In the artwork Emotions is evident a complex path of the artist, who feels in the approach to the canvas the need to free everything that otherwise would remain closed within herself, thus suffocating the process of healing from wounds; the chosen tones are dark, impetuous, almost angry, with that red and black that seem to collide and chase each other to determine and emphasize an emotional storm that must live and explode in order not to implode within the sensitive and subterranean world of the soul.
And again in Lost a sense of bewilderment is clearly perceptible, an emotional darkness from which it is difficult to get out because it is complicated to be able, at that moment, to see the light, the handhold to cling to in order to find the way to resurrect and start again. In this canvas the tones are not impetuous, they are rather earthy, as if to underline a melancholy, a disorientation accentuated also by the vertical lines that seem to want to find a direction, a sense, within that solitude in the multitude that Dabisch mentions at the base of the painting, as if the sensation prevailed over the existence of that moment when everything around it almost disappears.
Then suddenly she turns towards serenity, playfulness, the unexpected smile that manifests itself in the calmer works, such as Rose Garden, where the observer’s gaze is lost in the gentelness of the colours and soft brushstrokes, skilfully guided by Elke Dabisch within an idyllic and regenerating atmosphere, an enchanted world in which none of the most impetuous emotions can reach.
Just as in Stille (Silence) the rarefied atmosphere of the entire canvas is emphasised by that distant and shy sun towards which the gaze is attracted, underlining its distance precisely to envelop the observer with the muffled sensation of that silence essential for reflection, to connect with the interior and find calm, as if the whole world, and therefore even the faint distant sun, were closed off. But Elke Dabisch also tells of cheerful dynamism, of differences and comparisons, of mental and emotional intersections that arise when men and women come into contact, struggling to understand the two different worlds to which they belong without being able to help themselves.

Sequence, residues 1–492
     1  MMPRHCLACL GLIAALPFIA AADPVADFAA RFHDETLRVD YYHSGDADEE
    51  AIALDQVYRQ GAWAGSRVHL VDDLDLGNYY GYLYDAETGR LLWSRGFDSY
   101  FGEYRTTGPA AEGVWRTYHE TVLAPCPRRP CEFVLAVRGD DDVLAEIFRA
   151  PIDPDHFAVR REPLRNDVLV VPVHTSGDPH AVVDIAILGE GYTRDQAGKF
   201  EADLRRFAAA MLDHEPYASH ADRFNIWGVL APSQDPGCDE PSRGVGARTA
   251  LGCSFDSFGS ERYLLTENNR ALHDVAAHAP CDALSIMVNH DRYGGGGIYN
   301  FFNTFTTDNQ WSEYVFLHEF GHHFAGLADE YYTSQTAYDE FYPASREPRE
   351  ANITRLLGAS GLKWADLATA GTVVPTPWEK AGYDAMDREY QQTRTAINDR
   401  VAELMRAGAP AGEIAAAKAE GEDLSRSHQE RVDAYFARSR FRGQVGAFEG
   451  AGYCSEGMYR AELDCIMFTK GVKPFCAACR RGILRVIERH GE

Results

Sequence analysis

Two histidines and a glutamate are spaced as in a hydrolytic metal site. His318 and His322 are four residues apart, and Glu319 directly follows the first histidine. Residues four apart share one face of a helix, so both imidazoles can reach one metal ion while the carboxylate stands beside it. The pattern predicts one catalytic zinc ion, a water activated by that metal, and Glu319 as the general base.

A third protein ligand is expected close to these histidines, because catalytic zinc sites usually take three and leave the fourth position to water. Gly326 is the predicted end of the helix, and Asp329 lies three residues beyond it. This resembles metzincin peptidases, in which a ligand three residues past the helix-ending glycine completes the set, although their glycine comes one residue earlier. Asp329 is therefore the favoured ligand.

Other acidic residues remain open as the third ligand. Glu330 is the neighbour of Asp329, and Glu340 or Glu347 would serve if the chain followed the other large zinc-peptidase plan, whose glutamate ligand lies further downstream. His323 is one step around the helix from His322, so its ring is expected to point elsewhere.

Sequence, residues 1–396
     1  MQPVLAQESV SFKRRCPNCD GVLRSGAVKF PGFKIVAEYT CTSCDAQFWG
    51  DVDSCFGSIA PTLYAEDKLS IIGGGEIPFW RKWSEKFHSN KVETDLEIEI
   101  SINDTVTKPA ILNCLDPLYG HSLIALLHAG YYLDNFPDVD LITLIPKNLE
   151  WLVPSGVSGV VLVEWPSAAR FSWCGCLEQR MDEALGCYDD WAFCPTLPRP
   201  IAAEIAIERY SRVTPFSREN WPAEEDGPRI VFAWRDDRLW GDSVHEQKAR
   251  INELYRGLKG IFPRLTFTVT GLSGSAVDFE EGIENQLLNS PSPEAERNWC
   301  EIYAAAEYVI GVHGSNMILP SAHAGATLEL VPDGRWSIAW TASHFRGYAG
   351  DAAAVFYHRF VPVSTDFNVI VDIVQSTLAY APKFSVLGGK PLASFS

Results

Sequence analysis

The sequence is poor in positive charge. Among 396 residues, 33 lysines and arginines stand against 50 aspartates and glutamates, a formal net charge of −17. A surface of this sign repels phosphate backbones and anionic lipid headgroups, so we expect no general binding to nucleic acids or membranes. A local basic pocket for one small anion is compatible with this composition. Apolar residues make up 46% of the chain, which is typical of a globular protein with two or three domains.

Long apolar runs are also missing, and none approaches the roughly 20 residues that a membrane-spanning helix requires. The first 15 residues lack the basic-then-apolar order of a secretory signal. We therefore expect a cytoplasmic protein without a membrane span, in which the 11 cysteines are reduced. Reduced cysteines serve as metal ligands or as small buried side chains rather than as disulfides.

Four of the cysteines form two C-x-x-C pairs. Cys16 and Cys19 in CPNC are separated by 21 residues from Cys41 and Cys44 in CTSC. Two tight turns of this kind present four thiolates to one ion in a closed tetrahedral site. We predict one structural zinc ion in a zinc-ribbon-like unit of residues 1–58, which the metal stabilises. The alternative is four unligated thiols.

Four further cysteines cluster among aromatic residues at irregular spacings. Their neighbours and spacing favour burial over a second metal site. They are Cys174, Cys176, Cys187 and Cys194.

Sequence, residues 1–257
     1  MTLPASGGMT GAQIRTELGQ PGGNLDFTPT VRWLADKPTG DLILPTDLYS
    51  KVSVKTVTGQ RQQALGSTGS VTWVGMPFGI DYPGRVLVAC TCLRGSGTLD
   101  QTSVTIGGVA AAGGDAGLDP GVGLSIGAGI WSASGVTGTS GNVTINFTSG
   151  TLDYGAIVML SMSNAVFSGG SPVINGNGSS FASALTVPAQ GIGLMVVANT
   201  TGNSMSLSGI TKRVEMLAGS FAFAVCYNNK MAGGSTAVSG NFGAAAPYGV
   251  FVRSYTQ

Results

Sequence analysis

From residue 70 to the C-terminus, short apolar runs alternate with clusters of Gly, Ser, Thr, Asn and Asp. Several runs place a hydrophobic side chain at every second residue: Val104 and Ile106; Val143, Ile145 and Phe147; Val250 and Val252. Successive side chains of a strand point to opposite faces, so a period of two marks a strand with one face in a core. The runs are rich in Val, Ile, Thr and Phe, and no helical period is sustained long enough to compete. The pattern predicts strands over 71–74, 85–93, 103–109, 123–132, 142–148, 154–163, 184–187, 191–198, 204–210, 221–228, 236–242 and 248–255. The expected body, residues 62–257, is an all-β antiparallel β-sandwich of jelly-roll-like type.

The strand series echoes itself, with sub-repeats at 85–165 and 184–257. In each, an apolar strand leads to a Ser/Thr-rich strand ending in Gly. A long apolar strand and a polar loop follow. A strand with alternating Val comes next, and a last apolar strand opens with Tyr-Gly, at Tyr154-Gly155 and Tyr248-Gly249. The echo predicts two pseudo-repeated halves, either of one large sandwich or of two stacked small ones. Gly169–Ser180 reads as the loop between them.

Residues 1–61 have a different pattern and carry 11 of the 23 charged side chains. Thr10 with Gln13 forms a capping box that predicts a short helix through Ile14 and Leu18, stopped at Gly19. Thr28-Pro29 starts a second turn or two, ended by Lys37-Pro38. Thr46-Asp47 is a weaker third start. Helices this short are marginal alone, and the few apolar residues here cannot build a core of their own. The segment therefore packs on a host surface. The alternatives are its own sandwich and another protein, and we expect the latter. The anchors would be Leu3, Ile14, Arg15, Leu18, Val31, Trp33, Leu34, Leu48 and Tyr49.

The canvas Mann und Frau (Men and Women), tells of those interweaving, of those differences that fill existence and that become a point of strength and a cue for enrichment necessary for the personal evolution of each individual. Elke Dabisch, addressed to painting by her husband, painter and set designer, has long abandoned her artistic inclination because of the vicissitudes of life, but in 2018 she resumed her old passion and decided to exhibit her canvases in an important solo exhibition in Los Angeles while in 2020 she participated in an exhibition in Bremen and in September she is planning one in Vienna.
Sito web: www.elkedabisch.com